* @throws HttpRequestFailed
     */
    public function get($url);
}

class HttpRequestFailed extends \RuntimeException
{
}

We only need to modify RealCatApi a bit to catch the exception, instead of responding to false:

class RealCatApi implements CatAPi
{
    public function getRandomImage()
    {
        try {
            $responseXml = $this->httpClient->get('http://thecatapi.com/api/images/get?format=xml&type=jpg');

            ...
        } catch (HttpRequestFailed $exception) {
            return 'http://cdn.my-cool-website.com/default.jpg';
        }

        ...
    }
}

Did you notice that previously we only had a unit test for the happy path? We only tested the result when file_get_contents() gave us a proper XML response body. We weren't in the position to test for a failing HTTP request since, well, how would you "reliably" cause an HTTP request to fail, except by unplugging your network cable?

Since we now have full control over the HttpClient, we can simulate a failing HTTP request, simply by throwing an HttpRequestFailed exception:

class RealCatApiTest extends \PHPUnit_Framework_TestCase
{
    ...

    /** @test */
    public function it_returns_a_default_url_when_the_http_request_fails()
    {
        $httpClient = $this->getMock('HttpClient');
        $httpClient
            ->expect($this->once())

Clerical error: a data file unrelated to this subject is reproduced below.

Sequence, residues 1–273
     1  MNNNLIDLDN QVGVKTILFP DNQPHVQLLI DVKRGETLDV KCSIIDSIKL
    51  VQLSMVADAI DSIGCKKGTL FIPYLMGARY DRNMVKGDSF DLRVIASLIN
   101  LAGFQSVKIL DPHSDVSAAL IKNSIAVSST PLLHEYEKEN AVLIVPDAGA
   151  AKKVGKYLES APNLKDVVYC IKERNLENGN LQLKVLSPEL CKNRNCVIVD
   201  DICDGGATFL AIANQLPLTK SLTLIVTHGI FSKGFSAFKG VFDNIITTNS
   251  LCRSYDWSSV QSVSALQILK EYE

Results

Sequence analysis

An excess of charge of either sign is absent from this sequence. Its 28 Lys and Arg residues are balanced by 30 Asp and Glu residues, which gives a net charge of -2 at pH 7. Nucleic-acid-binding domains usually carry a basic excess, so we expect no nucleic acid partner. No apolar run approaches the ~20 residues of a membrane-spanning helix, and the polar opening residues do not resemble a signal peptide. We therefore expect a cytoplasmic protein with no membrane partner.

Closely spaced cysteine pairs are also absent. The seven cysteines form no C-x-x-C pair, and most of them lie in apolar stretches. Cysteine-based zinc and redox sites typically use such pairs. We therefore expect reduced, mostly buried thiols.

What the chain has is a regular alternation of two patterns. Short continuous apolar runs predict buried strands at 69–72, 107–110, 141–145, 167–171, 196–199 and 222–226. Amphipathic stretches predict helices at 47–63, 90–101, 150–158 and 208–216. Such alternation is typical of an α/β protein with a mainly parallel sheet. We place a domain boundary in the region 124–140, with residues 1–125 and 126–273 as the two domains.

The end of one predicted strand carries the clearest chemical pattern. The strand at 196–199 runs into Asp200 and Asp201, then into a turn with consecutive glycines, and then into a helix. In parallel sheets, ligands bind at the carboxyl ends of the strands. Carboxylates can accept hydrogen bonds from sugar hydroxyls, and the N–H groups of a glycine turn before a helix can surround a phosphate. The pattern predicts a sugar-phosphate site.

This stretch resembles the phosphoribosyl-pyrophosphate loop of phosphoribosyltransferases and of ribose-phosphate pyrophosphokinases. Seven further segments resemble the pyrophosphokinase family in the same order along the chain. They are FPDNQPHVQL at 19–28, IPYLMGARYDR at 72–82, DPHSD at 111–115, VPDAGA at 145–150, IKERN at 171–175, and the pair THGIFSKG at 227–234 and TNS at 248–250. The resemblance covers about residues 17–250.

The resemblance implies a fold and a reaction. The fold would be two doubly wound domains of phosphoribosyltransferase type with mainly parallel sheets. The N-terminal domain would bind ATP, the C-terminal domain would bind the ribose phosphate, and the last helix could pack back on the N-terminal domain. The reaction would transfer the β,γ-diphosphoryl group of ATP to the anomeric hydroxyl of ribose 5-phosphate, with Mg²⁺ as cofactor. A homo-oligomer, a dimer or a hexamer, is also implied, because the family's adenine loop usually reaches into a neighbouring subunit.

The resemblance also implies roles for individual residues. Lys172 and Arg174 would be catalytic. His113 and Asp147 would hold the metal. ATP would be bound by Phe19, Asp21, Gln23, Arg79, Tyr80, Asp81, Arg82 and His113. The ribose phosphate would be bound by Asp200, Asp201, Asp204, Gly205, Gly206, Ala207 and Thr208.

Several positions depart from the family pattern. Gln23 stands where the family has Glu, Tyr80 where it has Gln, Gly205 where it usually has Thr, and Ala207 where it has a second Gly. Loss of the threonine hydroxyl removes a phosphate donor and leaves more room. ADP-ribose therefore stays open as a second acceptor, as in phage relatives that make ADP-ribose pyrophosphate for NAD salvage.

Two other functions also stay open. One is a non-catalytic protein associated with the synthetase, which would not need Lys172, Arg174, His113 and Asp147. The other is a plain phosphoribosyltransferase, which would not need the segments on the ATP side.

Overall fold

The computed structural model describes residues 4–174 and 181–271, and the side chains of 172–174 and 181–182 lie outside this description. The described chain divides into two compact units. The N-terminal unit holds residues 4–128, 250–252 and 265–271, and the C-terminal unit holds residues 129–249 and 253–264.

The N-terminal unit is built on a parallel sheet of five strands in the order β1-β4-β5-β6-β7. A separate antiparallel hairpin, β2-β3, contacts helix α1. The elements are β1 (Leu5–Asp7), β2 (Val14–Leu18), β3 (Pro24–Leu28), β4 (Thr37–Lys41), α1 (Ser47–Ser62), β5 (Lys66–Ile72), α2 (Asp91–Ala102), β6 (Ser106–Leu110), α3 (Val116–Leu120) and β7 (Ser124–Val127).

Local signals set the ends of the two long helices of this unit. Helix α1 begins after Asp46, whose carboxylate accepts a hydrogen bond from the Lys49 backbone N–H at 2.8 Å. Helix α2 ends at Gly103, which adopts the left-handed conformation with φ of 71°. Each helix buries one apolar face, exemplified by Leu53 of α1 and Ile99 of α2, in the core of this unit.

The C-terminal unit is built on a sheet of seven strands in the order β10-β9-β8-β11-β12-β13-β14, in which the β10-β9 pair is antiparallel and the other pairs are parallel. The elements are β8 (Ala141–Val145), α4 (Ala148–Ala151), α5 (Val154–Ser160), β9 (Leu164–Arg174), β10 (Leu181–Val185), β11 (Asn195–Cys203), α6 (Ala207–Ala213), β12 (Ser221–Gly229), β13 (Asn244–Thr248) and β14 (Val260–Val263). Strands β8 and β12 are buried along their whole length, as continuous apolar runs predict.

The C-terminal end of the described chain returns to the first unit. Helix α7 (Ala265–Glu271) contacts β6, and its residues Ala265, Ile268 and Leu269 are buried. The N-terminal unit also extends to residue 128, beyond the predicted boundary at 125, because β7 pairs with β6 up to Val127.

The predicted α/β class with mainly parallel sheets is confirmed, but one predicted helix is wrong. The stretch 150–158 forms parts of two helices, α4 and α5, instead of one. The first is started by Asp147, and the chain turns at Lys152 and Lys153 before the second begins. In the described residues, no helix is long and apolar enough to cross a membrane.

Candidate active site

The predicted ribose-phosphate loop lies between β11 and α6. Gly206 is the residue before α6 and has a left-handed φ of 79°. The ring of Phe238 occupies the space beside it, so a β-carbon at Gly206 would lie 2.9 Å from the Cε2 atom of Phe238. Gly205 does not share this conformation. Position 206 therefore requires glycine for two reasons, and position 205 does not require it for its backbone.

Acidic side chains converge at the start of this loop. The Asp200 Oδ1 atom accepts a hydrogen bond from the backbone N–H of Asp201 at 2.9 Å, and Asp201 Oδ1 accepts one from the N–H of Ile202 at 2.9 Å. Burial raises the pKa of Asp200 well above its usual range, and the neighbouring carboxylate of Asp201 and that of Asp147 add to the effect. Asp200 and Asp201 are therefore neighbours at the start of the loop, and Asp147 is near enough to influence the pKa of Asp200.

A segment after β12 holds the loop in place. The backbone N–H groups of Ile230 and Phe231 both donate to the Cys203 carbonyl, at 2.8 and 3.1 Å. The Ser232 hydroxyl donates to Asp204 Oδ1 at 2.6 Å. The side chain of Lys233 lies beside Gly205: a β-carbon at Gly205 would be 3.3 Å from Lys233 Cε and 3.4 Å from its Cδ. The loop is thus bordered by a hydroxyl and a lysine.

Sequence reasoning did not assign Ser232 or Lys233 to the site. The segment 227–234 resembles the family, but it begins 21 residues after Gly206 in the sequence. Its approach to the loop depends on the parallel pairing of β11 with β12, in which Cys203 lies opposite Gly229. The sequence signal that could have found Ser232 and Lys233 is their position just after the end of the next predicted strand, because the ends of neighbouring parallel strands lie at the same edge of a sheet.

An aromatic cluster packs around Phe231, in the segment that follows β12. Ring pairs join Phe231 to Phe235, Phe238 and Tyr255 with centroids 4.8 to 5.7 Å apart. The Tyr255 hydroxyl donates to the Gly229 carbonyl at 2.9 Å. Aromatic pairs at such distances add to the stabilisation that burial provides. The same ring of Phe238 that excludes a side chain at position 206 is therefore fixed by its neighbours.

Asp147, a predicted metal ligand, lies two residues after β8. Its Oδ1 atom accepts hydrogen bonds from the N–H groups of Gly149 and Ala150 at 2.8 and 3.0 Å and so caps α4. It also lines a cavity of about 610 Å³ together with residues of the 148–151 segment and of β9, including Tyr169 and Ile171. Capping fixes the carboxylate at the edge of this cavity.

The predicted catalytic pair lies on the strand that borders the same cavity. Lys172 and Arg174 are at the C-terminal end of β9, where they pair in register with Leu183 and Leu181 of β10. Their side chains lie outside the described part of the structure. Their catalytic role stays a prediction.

->method('get')
            ->with('http://thecatapi.com/api/images/get?format=xml&type=jpg')
            ->will($this->throwException(new HttpRequestFailed());
        $catApi = new RealCatApi($httpClient);

        $url = $catApi->getRandomImage();

        $this->assertSame(
            'http://cdn.my-cool-website.com/default.jpg',
            $url
        );
    }
}

Removing the filesystem dependency

We can repeat the same steps for CachedCatApi's dependency on the filesystem:

interface Cache
{
    public function isNotFresh($lifetime);

    public function put($url);

    public function get();
}

class FileCache implements Cache
{
    private $cacheFilePath;

    public function __construct()
    {
        $this->cacheFilePath = __DIR__ . '/../../cache/random';
    }

    public function isNotFresh($lifetime)
    {
        return !file_exists($this->cacheFilePath)